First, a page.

You know the companies who break away from the pack. You buy their products with prime shipping, you ride in their cars. You’ve seen them disrupt entire industries. It might seem like giants such as Amazon and Uber have always existed as towering pillars of profit, but that’s not so. What sets companies like these apart is a crucial piece of knowledge. They spotted the tipping point when reliability becomes a top priority to a software company’s success.

Pinpointing this tipping point is hard. After all, many companies can’t afford to stop shipping new features to shore up their software. Timing the transition to reliability well can launch a company ahead of the competition, and win the market (e.g. Amazon, Home Depot). But missing it can spell a company or even an industry’s doom (e.g. Barnes & Noble, Forever 21, and Gymboree in the retail apocalypse). Luckily, there are signs as you approach the tipping point. From examining over 300 companies, we’ve identified five.

Let’s break these signs down together.

1. Your Product Is Becoming a Utility

When a product is a novelty, new adopters have a generous tolerance for errors because they are buying a vision of the future. Once the product becomes a utility, though, companies start to depend on it for critical functions. In the case of Twilio, suicide prevention hotlines are dependent on their reliability. And people start to depend on the product for daily life.

Consider Amazon. This company set the new consumer expectation for e-commerce and disrupted the sales of companies like Barnes & Noble and many more. How? First of all, the store is always open and accessible from your living room couch. Second, Prime delivers all packages with 2-day shipping. Do Amazon’s users care more about drone delivery (a feature), or 2-day shipping (reliability)?

While drone delivery is a neat novelty, the commodity of fast shipping is Amazon’s bread and butter. Users want their order, on-time, no matter what it takes to get there. How else can parents count on Santa coming on Christmas Eve?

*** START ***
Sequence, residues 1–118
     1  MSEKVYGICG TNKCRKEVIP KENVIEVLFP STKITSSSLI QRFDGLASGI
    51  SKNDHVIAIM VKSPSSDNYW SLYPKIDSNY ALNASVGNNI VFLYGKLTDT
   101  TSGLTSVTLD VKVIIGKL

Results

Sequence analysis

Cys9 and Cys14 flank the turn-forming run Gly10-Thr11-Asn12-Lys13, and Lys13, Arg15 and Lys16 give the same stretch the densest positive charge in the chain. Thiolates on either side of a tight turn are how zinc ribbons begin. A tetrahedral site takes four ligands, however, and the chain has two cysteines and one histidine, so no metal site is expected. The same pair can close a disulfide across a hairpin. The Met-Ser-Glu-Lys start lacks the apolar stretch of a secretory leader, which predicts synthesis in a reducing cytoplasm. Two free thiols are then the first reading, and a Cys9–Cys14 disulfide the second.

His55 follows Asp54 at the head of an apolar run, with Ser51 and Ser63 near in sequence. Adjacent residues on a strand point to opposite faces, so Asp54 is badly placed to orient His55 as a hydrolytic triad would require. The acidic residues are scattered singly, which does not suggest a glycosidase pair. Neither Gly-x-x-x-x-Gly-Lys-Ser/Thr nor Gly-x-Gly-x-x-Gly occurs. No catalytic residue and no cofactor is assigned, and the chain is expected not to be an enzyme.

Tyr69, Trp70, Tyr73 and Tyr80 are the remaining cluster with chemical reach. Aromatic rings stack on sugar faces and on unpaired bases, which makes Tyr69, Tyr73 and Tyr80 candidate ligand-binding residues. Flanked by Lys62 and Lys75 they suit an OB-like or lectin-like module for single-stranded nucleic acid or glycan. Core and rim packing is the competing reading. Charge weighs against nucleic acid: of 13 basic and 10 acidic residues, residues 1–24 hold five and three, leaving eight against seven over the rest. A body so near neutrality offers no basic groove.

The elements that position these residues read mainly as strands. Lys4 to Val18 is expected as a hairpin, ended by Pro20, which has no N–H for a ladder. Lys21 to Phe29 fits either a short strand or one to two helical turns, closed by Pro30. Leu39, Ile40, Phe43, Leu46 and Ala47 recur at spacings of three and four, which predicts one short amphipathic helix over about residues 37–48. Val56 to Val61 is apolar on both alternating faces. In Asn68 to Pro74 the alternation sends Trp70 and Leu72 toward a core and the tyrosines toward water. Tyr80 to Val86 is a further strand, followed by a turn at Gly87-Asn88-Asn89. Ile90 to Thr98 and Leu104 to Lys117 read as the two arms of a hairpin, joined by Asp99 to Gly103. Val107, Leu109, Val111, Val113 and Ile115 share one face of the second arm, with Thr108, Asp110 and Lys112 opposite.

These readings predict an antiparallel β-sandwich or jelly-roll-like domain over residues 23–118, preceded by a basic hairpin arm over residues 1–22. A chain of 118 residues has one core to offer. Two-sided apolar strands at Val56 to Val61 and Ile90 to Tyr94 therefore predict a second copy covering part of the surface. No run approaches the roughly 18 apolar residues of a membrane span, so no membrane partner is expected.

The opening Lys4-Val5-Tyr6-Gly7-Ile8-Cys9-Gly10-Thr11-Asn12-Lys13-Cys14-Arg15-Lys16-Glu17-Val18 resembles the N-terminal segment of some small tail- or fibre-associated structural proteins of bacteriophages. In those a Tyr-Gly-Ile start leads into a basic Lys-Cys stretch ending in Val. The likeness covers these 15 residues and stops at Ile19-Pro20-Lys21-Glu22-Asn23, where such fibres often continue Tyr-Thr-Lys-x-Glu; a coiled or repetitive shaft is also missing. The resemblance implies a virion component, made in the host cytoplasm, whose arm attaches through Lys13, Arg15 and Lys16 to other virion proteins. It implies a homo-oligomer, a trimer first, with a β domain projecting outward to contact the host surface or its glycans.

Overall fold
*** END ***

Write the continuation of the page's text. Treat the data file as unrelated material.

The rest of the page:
While it’s tough to pinpoint the exact moment an industry converts from novelty to utility, we can look at three early indicators according to Harvard Business School.

  1. Companies begin to compete for pricing. Instead of shrugging off a price difference in exchange for the pleasure of a novelty, customers are doing their research before buying.
  2. Companies are restructuring their finances in order to keep the same profit margin even though sales are increasing. They need to innovate to make money with higher costs. They have more employees, more maintenance expenses, more everything.
  3. Companies take a closer look at their customer base. What’s the target market? What customers don’t they want buying their product? They’ve got to make tough choices here to keep loyal customers who appreciate what the company brings to the table.

Thanks to companies like Amazon, Google, Facebook, Netflix, etc., software delivery is transitioning from a novelty to a utility, from something we like to something we need every day. People expect every service to be as responsive and available as these tech giants. As your service loses its novelty, your users will look for reliability over features.

#devops #site reliability engineering #site reliability #site reliability engineer #site reliability engineering tools

Getting SRE Buy-in From a Manager or Lead for Incident Response

Adopting SRE best practices can be difficult, especially when you need approval from managers, VPs, CTOs, and more. In this blog post, we’ll walk you through crafting a winning pitch for each level of leadership to ensure that SRE buy-in will succeed in your organization. Let’s start at the beginning with your team lead or manager.

The Situation

As one of the first steps towards SRE adoption, incident management is key. You want to implement an effective incident management system within your team. Now it’s time to convince your lead/manager. How will you accomplish this?

First, we need to recognize that your manager will need a lot of support from engineering and DevOps teams for this transition. These teams will need training in this incident management system to use it each time an incident occurs.